Jump to ContentJump to Main Navigation
Tool Use and Causal Cognition$
Users without a subscription are not able to see the full content.

Teresa McCormack, Christoph Hoerl, and Stephen Butterfill

Print publication date: 2011

Print ISBN-13: 9780199571154

Published to Oxford Scholarship Online: January 2012

DOI: 10.1093/acprof:oso/9780199571154.001.0001

Show Summary Details
Page of

PRINTED FROM OXFORD SCHOLARSHIP ONLINE (www.oxfordscholarship.com). (c) Copyright Oxford University Press, 2017. All Rights Reserved. Under the terms of the licence agreement, an individual user may print out a PDF of a single chapter of a monograph in OSO for personal use (for details see http://www.oxfordscholarship.com/page/privacy-policy).date: 16 January 2018

Tool Use and the Representation of Peripersonal Space in Humans

Tool Use and the Representation of Peripersonal Space in Humans

Chapter:
(p.220) 12 Tool Use and the Representation of Peripersonal Space in Humans
Source:
Tool Use and Causal Cognition
Author(s):

Charles Spence

Publisher:
Oxford University Press
DOI:10.1093/acprof:oso/9780199571154.003.0012

One of the questions currently vexing researchers is whether peripersonal space is better conceptualized as being extended or as being projected following tool use? It may turn out that the answer to this question depends on what exactly the tool user must do with their tool. An equally important, if putatively orthogonal, issue concerns whether the effects of tool use are best conceptualized in terms of an attentional modification (i.e., prioritization) of a certain region of space (where the tool is being, or has been, used to perform an action) versus a change in spatial representation. While there is now an extensive body of evidence documenting tool use in a variety of animals, including recently in invertebrates, the focus of this chapter is primarily on the evidence collected from studies of tool use in humans and other primates. In particular, it reviews those studies that have used the cross-modal congruency task in order to investigate how the perception of peripersonal space changes during tool use. It also briefly compares these results to those that have emerged from neuropsychological research with clinical patients suffering from crossmodal extinction (i.e., from an impaired ability to report a stimulus on the contralesional side when it is presented at the same time as an ipsilesional stimulus).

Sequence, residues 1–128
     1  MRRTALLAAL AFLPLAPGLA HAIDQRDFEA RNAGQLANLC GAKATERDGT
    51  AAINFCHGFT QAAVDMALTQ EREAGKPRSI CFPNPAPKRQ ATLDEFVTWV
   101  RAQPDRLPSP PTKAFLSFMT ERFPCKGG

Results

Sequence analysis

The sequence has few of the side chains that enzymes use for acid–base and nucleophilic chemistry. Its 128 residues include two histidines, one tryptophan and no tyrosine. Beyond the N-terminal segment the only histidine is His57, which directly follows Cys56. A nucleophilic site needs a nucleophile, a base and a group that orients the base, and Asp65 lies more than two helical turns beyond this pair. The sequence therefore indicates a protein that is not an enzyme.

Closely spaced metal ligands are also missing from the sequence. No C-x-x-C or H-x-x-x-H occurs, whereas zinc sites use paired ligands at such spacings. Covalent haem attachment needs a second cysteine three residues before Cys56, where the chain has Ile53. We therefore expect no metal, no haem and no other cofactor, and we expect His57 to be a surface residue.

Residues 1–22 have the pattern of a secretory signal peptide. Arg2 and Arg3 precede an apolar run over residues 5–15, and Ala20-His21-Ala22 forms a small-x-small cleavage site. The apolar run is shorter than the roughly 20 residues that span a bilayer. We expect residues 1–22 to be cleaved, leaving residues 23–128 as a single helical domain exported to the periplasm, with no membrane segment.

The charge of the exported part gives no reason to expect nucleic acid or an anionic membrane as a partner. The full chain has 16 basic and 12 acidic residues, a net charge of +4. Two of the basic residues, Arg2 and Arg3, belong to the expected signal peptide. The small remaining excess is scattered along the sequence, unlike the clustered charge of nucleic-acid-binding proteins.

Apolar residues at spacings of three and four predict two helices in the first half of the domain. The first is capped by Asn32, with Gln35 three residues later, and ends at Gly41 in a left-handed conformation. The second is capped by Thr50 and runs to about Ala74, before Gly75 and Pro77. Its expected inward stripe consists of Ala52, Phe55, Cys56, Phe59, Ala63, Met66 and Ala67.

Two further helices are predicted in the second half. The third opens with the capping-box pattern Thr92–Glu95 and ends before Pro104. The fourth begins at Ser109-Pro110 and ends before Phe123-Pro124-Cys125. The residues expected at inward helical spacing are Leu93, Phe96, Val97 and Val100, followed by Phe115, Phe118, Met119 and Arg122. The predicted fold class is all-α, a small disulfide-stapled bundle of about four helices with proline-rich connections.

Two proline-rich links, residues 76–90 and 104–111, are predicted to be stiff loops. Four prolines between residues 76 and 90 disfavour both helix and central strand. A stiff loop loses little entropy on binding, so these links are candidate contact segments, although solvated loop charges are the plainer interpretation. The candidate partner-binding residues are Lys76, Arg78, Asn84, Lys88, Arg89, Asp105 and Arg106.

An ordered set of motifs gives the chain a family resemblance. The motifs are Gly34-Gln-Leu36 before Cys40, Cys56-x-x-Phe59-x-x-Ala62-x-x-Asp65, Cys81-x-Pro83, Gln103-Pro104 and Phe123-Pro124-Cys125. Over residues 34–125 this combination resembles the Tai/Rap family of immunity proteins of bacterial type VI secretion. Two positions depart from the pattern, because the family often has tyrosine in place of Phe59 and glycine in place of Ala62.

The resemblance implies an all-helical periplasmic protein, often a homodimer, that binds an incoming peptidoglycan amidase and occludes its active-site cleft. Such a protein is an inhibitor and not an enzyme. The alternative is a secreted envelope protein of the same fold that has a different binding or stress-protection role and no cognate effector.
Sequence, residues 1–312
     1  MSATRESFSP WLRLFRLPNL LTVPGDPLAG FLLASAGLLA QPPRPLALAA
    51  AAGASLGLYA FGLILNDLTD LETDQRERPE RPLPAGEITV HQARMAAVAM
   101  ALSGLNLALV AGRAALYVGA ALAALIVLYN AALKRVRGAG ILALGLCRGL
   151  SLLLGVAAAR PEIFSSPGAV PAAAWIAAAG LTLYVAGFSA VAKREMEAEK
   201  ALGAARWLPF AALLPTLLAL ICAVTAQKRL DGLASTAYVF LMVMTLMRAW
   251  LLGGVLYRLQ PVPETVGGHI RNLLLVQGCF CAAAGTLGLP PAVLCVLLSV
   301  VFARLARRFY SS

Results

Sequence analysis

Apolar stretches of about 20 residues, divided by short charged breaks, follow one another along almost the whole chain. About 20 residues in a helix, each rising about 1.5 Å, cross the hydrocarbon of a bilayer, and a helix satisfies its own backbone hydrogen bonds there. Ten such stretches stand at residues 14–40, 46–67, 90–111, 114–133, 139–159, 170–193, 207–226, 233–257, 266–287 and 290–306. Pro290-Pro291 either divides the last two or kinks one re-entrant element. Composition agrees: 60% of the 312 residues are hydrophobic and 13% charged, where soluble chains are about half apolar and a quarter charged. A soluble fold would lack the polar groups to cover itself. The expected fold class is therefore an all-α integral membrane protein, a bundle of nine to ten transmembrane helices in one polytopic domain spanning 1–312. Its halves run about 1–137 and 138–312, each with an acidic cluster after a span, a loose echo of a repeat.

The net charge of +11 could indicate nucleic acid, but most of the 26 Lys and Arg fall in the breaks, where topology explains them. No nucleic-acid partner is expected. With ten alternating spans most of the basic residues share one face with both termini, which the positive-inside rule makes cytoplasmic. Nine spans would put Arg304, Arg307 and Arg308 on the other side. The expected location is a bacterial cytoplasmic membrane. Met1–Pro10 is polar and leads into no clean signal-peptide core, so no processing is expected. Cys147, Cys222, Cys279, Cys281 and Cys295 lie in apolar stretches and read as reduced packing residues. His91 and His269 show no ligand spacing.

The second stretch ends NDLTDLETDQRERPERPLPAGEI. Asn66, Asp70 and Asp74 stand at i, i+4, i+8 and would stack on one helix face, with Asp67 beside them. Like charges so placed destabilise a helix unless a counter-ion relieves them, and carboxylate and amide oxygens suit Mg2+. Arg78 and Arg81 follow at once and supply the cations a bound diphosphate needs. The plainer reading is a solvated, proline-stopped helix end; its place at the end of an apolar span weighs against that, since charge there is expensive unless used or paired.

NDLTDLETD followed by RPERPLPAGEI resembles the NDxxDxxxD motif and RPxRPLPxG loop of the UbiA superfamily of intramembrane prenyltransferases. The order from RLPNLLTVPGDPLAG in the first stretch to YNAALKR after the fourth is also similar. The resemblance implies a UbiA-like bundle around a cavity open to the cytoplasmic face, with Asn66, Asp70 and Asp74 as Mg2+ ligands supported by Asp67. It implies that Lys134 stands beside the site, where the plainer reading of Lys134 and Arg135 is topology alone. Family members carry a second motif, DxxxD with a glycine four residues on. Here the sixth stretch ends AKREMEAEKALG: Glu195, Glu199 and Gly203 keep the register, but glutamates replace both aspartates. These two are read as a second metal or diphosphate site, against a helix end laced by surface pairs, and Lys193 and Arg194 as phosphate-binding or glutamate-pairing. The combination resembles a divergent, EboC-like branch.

Keywords:   peripersonal space, tool use, attentional modification, spatial representation, crossmodal extinction

Oxford Scholarship Online requires a subscription or purchase to access the full text of books within the service. Public users can however freely search the site and view the abstracts and keywords for each book and chapter.

Please, subscribe or login to access full text content.

If you think you should have access to this title, please contact your librarian.

To troubleshoot, please check our FAQs , and if you can't find the answer there, please contact us .